Nepal – Prachanda The Perpetual Revolutionary? by Col. Rahul K. Bhonsle SignUp
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Nepal – Prachanda The Perpetual Revolutionary?
by Col. Rahul K. Bhonsle Bookmark and Share
 
Pushpa Kamal Dahal, popularly known as Prachanda the Prime Minister of Nepal well deserved the honorable chair of the head of government having successfully transformed the Maoist revolution in Nepal into an elected government. However his penchant to remain a perpetual revolutionary seems to be his undoing. Witness the imbroglio of the Pashupatinath Temple, the holiest shrine for millions of Hindus across the World. By attempting to give it a nationalist touch through the conspirational route of, 'resignations' of the priests and then retracting it wisely after public outrage, Prachanda lost the credibility that goes with the high post of the Prime Minister, particularly with the multiplicity of challenges faced by the country.

Nepal's problems are well known at the top of the agenda is reconciliation between the main parties. The political confrontation in Nepal has its contours fairly well set now that the Maoists have declared that they would want to go in for a Republican coalition. Their ability to sustain this union against Centrist forces including Left wing centrists such as the UML may lead to some conflict in the future. Even the government which has the CPN M and CPN UML as the key constituents had differences in the past. Thus they reached a four-point agreement for improvement of relations in the last week of December.

The CPN M also is undertaking extensive deliberations on internal party structuring and measures to strengthen the party system which is in line with the concept of a people's democracy with one party rule. The Maoists are also taking the initiative in implementing pro poor projects across the country which may increase their popularity and would ensure greater attraction of the people to the party. The Nepal Congress and other centrists would have to redefine their constituency to avoid being left out of the political discourse in the future if they neglect issues at the grass roots. The Nepal Congress and the CPN UML would also have to strengthen their party structure taking cues ironically from their main political opponent the CPN M.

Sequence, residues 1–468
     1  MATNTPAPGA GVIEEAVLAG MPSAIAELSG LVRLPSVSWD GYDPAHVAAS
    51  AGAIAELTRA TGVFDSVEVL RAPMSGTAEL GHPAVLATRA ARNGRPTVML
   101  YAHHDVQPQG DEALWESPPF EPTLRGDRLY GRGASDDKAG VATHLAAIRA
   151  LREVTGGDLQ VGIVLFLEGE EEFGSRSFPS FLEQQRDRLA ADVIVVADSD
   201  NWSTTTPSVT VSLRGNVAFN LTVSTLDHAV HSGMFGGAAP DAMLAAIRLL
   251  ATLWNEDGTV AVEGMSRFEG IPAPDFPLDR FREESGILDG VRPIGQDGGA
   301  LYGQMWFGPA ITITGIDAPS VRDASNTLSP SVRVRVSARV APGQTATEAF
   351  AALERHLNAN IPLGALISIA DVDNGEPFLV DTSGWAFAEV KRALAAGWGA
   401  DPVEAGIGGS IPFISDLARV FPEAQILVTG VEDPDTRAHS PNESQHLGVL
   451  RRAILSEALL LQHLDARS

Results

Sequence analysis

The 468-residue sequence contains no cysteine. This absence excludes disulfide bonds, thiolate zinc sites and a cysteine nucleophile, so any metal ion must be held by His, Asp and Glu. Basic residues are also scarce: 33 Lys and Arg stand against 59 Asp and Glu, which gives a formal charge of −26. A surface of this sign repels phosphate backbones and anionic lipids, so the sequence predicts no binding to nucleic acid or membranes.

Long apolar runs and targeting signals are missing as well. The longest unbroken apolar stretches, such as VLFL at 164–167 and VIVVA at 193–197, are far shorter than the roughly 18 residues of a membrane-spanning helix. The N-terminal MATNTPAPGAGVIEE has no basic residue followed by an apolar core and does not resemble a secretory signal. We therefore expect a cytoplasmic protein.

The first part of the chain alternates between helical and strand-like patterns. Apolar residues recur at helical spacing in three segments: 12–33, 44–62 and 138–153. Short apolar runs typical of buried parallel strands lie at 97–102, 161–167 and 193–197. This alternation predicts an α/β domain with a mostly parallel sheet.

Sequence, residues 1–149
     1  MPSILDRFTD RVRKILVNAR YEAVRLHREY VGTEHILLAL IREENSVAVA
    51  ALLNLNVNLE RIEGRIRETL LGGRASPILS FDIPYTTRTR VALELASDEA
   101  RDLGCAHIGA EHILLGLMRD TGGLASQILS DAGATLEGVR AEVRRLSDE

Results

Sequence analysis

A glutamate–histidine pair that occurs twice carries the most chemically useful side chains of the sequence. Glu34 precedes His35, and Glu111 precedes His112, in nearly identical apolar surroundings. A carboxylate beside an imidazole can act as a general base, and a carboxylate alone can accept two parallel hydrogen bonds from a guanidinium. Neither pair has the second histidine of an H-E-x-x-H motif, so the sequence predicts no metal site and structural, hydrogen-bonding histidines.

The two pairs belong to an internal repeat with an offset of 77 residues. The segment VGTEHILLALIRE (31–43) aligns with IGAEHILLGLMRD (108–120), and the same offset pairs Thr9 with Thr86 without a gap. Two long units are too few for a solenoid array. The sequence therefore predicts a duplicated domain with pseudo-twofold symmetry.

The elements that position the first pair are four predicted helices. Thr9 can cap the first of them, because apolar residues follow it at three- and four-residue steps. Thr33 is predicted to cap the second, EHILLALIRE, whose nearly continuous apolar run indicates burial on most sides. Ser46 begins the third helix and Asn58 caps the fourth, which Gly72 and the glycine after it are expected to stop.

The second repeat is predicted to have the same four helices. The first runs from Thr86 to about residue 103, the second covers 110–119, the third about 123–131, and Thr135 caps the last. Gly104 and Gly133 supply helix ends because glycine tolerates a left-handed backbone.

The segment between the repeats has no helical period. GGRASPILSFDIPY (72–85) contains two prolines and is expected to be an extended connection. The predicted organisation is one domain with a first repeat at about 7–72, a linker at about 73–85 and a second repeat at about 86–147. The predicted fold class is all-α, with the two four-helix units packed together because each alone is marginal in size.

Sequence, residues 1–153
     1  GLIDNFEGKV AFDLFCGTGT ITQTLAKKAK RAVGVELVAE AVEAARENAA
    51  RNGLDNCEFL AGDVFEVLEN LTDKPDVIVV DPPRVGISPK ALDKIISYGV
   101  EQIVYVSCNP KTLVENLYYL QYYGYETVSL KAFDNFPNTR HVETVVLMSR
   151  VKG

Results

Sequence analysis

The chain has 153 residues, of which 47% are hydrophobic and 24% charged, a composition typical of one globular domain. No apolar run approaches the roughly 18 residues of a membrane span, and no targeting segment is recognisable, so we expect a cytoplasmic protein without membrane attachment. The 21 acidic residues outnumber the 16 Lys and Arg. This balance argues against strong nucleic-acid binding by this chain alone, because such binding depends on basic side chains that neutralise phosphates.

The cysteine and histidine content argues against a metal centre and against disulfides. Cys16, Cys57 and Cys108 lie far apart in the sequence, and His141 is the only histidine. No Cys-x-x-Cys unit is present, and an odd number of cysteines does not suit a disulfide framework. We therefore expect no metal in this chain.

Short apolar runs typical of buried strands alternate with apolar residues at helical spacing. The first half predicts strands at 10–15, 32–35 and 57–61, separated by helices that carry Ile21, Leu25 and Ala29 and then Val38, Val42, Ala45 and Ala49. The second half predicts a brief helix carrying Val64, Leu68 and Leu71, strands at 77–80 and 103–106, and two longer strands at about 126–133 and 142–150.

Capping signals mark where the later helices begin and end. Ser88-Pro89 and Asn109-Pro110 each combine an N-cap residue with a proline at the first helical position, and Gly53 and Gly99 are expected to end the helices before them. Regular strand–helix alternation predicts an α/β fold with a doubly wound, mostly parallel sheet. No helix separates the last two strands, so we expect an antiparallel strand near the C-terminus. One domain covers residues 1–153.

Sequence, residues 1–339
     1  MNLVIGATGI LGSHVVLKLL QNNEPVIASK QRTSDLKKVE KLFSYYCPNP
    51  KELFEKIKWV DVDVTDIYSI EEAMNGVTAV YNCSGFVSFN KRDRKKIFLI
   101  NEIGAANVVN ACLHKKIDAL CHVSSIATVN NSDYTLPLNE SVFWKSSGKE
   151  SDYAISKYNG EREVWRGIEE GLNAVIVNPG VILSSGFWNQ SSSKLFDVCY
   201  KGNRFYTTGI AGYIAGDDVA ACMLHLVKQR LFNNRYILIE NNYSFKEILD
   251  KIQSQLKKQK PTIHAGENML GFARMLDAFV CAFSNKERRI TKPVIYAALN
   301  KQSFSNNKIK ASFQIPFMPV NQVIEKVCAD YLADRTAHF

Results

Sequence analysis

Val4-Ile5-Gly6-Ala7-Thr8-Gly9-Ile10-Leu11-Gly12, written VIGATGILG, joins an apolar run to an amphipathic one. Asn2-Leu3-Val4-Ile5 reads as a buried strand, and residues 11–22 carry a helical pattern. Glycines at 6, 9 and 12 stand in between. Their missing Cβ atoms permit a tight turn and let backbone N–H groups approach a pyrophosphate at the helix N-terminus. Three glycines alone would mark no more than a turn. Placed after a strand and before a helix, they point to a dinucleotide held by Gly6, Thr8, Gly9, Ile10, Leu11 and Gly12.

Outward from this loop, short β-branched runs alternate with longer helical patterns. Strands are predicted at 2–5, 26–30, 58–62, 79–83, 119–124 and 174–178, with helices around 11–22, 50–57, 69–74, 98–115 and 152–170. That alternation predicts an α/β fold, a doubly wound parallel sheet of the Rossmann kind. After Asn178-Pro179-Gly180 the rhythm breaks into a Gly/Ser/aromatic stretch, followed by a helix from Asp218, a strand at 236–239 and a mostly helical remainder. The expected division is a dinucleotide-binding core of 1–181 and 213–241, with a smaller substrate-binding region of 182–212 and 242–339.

Tension is also building up between the Army and the government over recruitment in the Nepal Army. The United Nation Mission in Nepal (UNMIN) has stated that any new recruitment by the Nepal Army (NA) and the People's Liberation Army (PLA) will be a breach of the past agreements in a letter to Defense Minister Ram Bahadur Thapa. The Army is insisting that there is no recruitment but it is only filling up existing vacancies. The Army has the tacit support of parties as the Nepal Congress.

The larger problem of integration of the PLA and the NA continues to defy a solution. Nepal Congress (NC) President and former Prime Minister Mr Girija Prasad Koirala insisted that his party will not allow integration of PLA until the Maoists dissolve the youth wing Young Communist League (YCL)."Until and unless the YCL is dissolved, forget integration. I won't even let the management (of the former Maoist fighters) take place," he stated. The decision by the political parties to incorporate the key opposition party, the Nepal Congress into the Army Integration Special Committee (AISC) may defuse tension.